May The Force Be With Trade
May 2018 marks World Trade Month ― a time of public and private celebrations of the benefits of trade.
Star Wars fans know that May doubles as an unofficial Star Wars celebration as we begin the month with Star Wars Day (May The Fourth) and, this year, end it with the release of the latest in the franchise ― Solo: A Star Wars Story.
Negotiators for the United States, Canada, and Mexico the three partners in the North American Free Trade Agreement — inadvertently stumbled into this nexus when they briefly set May 4 as a target date to wrap up talks in the effort to modernize NAFTA.
What other connections does NAFTA, or trade in general, have with Star Wars? Let’s look at six notable Star Wars quotes to find out.
“The Force will be with you. Always.” Obi-Wan Kenobi’s advice to Luke Skywalker sets the tone and provides an important plot device for the entire Star Wars franchise. We learn that the Force is everywhere and affects and even controls the interactions of all living things. Trade plays a similar role, connecting farmers, manufacturers, retailers, and consumers in the U.S. and worldwide through unseen, powerful global value chains. While perhaps not as thrilling as a Jedi mind trick, the many hidden transactions that combine to convert U.S. grown cotton, into fabric woven in Mexico, and finally into a pair of jeans bought in Washington, D.C. are no less amazing.
“Wars not make one great.” Master Yoda makes this observation when informed that Luke is looking for a “great warrior.” While Yoda is talking about shooting wars, the lesson is equally applicable to trade wars and, in fact, the Trade Federation learns this lesson the hard way when their trade blockade of Naboo is defeated by a motley collection of rebels. This is sound advice today, with debates over whether trade wars are “good and easy to win,” and whether tit-for-tat tariff escalation accomplishes larger strategic goals or disenfranchises trade partners. In fact, trade wars are unwinnable, and greatness comes not from those who try to fight them, but the traders themselves.
“It’s the ship that made the Kessel run in less than twelve parsecs.” Han Solo boasts of the speed of the Millennium Falcon when discussing his preferred method and route for smuggling. And while one might think Han is referring to the dark side of trade, he is really demonstrating — as he does time and again — that speed matters, especially when arrayed against much larger forces. In trade, speed is also vital, particularly as impatient customers demand their goods faster than ever before. In many ways, the NAFTA update is all about speed. Not only are the negotiations taking place at a lightspeed, but the end result – bringing NAFTA into the e-commerce era and further facilitating trade among these three countries — can ensure that goods and services move faster in this region than ever before.
“There’s always a bigger fish.” Jedi Master Qui-Gon Jinn notes this with a humble bearing as he escapes certain death when a massive sea creature pursuing his ship is suddenly consumed by another much larger one. Star Wars teaches us there is often a surprise around the corner. Whether it is a dark lord who turns out to be your father or a princess who turns out to be your sister, the characters who are prepared for these surprises are the ones who persevere. In trade, such traits of flexibility and agility — especially in an era of unprecedented uncertainty — are equally vital. Not knowing from where the next trade challenge will emerge, but being ready to adjust when it does, is becoming a key metric of success for many global supply chains today.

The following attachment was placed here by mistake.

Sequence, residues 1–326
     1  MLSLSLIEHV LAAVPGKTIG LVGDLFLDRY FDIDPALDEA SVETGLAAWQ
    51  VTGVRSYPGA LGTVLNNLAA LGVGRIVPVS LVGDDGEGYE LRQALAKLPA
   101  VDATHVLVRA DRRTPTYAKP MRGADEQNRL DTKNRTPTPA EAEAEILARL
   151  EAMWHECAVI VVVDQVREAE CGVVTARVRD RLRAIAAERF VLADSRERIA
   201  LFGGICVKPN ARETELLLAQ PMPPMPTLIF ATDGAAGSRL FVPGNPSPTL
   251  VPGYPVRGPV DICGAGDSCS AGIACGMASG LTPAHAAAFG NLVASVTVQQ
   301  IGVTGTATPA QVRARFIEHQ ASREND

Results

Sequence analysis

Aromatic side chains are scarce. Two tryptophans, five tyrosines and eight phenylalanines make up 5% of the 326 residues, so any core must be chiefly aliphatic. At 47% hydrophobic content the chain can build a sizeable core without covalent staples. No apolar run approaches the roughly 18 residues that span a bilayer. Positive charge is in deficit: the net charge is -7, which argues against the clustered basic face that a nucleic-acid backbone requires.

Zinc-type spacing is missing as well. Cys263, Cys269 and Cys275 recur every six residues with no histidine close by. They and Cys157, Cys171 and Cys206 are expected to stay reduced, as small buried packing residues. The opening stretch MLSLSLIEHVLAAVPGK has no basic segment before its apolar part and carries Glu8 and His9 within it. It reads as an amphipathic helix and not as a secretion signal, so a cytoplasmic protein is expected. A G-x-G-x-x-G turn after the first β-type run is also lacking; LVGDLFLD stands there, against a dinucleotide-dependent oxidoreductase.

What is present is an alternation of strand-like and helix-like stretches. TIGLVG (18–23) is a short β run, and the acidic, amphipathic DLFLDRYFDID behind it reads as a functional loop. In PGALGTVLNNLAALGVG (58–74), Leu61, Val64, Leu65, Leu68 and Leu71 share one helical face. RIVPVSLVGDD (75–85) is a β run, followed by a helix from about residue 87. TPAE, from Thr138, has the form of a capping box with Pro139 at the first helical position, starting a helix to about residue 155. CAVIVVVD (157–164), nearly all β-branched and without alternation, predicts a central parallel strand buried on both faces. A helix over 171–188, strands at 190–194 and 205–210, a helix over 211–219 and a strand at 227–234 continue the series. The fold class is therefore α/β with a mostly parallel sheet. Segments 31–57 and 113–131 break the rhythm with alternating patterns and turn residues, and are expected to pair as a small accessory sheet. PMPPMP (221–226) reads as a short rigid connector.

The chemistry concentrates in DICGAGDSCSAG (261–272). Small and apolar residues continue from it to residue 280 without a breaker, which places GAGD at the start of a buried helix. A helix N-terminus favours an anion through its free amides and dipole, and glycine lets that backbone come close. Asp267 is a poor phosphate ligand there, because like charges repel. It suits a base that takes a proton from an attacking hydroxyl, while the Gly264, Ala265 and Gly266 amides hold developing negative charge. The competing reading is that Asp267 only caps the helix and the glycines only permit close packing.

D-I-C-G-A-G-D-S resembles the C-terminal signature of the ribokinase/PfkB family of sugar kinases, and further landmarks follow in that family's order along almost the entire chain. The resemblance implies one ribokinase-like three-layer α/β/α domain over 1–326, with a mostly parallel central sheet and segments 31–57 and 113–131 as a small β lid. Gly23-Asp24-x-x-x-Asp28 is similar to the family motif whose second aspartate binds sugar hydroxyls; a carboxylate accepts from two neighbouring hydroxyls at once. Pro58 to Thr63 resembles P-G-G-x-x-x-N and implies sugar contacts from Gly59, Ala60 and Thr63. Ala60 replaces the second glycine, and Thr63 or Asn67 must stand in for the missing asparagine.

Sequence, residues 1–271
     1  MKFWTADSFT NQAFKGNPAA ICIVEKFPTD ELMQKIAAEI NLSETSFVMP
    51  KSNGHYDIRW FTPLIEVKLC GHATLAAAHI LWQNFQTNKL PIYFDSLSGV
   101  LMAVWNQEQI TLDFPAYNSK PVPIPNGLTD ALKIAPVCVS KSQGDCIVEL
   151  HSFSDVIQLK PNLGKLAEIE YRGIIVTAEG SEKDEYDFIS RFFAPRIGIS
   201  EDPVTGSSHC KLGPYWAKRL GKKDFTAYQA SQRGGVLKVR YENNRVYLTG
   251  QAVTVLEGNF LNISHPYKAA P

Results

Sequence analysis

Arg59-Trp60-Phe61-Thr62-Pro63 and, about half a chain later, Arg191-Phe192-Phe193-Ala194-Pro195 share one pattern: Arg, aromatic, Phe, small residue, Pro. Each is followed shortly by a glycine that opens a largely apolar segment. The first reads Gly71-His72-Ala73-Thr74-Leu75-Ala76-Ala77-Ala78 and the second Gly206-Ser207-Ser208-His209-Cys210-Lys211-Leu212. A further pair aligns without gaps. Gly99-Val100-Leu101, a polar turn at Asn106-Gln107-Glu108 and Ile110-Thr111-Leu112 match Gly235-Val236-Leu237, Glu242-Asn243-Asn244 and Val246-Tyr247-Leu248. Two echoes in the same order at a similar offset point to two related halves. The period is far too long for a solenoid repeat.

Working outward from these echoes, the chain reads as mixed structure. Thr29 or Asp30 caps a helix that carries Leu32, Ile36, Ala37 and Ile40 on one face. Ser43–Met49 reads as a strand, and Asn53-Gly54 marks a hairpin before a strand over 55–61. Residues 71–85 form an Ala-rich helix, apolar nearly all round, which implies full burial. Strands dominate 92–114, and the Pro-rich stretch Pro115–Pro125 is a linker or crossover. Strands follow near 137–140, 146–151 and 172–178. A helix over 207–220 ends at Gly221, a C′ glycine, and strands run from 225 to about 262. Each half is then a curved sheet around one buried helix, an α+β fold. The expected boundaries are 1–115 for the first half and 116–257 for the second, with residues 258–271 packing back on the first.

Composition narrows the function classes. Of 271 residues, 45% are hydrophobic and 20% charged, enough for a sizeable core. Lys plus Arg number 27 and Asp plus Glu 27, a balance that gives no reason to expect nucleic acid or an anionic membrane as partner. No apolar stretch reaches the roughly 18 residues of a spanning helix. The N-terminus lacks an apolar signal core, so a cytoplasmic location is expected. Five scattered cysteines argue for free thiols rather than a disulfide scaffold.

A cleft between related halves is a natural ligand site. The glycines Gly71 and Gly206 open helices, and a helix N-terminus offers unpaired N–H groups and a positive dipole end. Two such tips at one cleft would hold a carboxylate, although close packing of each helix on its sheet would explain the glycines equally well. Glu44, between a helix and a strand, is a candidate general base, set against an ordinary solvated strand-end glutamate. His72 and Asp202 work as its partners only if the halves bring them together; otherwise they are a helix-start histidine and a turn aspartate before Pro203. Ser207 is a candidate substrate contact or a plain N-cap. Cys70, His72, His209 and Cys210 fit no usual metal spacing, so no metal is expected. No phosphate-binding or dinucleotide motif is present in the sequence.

“Do or do not, there is no try.” Yoda’s timeless wisdom emphasizes action over hesitation. Trade works this way too. The number of trade agreements now in force has exploded during the past two decades as more countries are negotiating an increasingly dizzying array of commercial relationships. Agreements must be negotiated, implemented, used and enforced — constantly. Standing still at any of these stages, especially as you face competition from companies and countries, means you are moving backwards. The United States needs to be careful it doesn't fall into this trap as other countries press ahead with new agreements while we focus primarily on old ones.
“I find your lack of faith disturbing.” Darth Vader has the final say as he chokes the words out of an Empire minion who doubted the power of the Force. Vader quickly demonstrates that a rush to judgement is often ill-advised. This is impactful, especially when applied in the trade policy world where many skeptics rush to embrace populist, yet ill-equipped notions such as deficits to air their concerns. In reality, trade is a relatively complicated affair, whose benefits are not easily reduced to sound bites even as they are easily felt by all Americans countless times a day. And while we can't rely on Vader's tactics to instill belief where faith fails, we can do a better job of educating ourselves of the true value of trade so we all share a better understanding of it.
We are told that Star Wars takes place a long time ago in a galaxy far, far away. But the lessons it holds for us on trade, make it very contemporary and very proximate.
Stephen Lamar is Executive Vice President at the American Apparel & Footwear Association (AAFA). Steve is responsible for the design and execution of AAFA lobbying strategies on a series of issues covering trade, supply chains, and brand protection. In these roles, Steve also advises AAFA member companies on legislation and regulatory policies affecting the clothing and footwear industries. Steve is also President of the Washington International Trade Association (WITA), a non-profit, non-partisan organization dedicated to providing a neutral forum for discussion of international trade policy and related issues.